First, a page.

der winders, a pair uv Mr. John's slip
pers under de bed, some cake I mos'
know curad from de big hons', 'cause
'twas in one uv your bes' white nap
kins, an' a photograf nv dat ole hag a
hangln' on de wall."
"Well. Sadie," said I, a new light
dawning on rae, "since you love Man
uel and want to marry him, why don't
you put pretty fixings in his house?
You are younger and better looking
than Judy, you know."
"Yes, I knows, Miss Lena, but I Isn't
got nothin' perty. Now, if you'd give
me er old tidy I'd put it on his cheair
and try it."
I signaled ray willingness.
"While you'se in de house, please
ma'am, gimme a little harts-horn for
I begun to search for old finery,
dreaming the while of helping Sadie to
beat Judy at her own game, thereby
smoothing the course of true love.
Gathering up the "find" and the am
monia bottle, I went back to the ve
randa to discover a living moving mass
on the floor, composed of kicking feet,
bobbin? heads and flying hands.
Sadie hoisted the white flag with a
shriek. Judy, the ancient, arose wind
ed, but triumphant and silently re
sumed her daily avocation as if noth
ing out of the ordinary had happened.
The crestfallen Sadie took the things
I handed her and disappeared.
The next morning "the mistress was
also the maid." As I was toiling over
the midday meal in walked Sadie, smil
ing and happy.
"You jes' go to de hous', Miss Lena,"
she said, "I'll finish de dinner. Do
mournin' shepard won't be here-no,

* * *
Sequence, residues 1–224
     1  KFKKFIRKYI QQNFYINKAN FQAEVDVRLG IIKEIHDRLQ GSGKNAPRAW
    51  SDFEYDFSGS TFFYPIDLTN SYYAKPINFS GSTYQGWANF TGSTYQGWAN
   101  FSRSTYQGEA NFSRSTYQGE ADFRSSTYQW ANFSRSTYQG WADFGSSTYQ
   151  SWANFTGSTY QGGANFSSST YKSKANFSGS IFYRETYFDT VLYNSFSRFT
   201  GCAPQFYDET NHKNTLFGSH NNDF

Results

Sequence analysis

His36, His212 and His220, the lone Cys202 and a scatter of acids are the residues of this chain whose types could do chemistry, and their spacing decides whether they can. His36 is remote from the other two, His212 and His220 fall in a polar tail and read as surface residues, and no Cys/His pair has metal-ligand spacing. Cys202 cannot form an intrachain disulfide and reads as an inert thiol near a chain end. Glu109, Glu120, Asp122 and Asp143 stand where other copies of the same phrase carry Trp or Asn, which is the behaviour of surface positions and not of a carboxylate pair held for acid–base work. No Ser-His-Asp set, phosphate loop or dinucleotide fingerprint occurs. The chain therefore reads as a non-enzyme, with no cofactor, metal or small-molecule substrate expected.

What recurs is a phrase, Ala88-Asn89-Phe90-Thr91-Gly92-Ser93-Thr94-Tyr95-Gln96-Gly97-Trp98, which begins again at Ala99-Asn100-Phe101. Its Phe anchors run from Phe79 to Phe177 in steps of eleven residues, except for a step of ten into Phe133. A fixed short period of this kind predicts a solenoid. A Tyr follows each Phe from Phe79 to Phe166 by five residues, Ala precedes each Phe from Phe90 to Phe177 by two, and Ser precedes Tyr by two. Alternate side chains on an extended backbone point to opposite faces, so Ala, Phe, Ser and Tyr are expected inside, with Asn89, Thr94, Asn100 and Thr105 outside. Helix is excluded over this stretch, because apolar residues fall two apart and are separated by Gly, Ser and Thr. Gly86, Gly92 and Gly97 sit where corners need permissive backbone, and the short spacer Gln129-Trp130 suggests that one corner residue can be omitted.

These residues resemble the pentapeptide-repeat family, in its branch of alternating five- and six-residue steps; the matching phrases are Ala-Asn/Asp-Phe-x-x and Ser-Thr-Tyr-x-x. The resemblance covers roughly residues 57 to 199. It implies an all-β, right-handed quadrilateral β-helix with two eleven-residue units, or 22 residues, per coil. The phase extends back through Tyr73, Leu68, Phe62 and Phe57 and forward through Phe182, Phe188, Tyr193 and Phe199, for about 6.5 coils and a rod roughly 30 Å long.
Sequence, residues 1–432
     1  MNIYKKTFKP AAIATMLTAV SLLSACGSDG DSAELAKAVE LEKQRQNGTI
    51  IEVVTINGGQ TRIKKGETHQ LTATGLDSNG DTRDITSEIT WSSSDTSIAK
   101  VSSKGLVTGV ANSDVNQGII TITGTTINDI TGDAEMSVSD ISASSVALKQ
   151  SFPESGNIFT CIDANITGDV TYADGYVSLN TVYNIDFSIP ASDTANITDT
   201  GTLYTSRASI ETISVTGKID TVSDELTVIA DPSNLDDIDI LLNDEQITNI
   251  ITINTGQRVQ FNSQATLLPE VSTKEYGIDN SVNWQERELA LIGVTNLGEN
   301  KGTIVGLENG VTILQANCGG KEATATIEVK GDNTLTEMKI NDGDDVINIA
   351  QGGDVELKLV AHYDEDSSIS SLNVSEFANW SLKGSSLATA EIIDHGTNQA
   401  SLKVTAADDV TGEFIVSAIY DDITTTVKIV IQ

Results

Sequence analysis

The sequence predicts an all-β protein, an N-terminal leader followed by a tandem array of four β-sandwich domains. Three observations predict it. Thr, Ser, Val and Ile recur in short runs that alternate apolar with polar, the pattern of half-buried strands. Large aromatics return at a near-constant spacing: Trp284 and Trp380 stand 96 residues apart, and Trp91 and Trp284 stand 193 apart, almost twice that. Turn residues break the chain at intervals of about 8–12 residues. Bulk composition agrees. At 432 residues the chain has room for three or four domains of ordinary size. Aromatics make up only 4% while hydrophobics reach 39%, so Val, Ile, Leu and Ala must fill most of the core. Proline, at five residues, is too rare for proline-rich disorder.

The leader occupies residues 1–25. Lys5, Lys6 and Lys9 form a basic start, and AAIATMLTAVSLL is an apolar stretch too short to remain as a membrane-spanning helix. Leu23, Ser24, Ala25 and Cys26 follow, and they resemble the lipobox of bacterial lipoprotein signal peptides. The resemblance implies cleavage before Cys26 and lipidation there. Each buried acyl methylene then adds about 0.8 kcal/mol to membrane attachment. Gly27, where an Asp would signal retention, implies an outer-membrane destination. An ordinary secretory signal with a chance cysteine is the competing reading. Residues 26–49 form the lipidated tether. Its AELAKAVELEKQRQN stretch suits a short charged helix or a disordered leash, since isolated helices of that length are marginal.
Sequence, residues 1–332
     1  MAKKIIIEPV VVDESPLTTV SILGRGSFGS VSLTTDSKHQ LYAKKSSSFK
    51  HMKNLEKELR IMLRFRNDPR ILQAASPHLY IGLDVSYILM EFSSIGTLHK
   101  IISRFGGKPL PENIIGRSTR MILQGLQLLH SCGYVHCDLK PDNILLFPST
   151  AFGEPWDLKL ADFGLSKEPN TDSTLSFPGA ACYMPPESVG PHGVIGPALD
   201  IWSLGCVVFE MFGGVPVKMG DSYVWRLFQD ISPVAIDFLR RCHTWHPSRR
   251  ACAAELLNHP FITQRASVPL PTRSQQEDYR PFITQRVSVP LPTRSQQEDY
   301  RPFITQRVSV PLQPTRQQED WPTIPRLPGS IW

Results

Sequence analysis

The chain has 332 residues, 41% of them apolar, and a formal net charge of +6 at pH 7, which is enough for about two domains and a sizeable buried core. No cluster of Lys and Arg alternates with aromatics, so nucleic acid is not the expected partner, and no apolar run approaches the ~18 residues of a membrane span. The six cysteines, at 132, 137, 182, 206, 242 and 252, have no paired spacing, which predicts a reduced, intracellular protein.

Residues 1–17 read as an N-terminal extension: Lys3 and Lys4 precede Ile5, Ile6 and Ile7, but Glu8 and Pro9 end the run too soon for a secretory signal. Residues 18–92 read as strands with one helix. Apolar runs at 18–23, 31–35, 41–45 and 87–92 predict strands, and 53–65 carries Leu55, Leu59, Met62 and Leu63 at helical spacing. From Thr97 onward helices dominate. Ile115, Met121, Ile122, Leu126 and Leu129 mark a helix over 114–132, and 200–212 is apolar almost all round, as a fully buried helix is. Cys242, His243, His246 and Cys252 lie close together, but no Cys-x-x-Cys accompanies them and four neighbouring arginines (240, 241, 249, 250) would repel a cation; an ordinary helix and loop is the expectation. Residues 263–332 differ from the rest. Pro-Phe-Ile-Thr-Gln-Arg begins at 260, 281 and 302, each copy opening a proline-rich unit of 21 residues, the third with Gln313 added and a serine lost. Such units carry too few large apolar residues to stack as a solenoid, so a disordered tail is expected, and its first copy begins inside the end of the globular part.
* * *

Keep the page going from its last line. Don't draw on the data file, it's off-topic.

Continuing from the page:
she won't be here soon."
Sadie laughed mysteriously. "Last
night I seed Judy an' ray Manuel come
into de church arm in arm, an' my
blood pintedly blled, I tells yer. Pres
ently Brother Jarrett, he calls mourn
ers an' we all sings, 'fire will ketch
you, sinner, run.'
"Manuel goes up to de mourners'
bejnch wid a lot more men. Den out
falls de shepard in er trance-like
dald. I puts de bottle of harts-horn in
ray pocket, an' goes up too. We mourn
ed a long time, and Brother Jarrett, he
say, 'Why doan yo' pray, don't be stiff
necked an' keep de shepard precon
scious all night." Den we all went to
whar she lay and dropt on our knees
to mourn an' pray. I cotched de shep
ard lookin' at Manuel outen de corner
ob her eye, so I comes through an'
falls out, brtngin' Liza down wif me
on de top ob de shepard. Miss Lena,
somehow dat harts-horn got In de
shepard's eyes, an' mouf. an' nose, au'
she comes to 'mazin' quick. Yessuui,
you jes* g'long to de house outen de
heat, me an' Manuel ten' to de wurk."
(Copyright. 1917. by W. G. Chapman.)
; Those only despise the pun who can?
i not make one.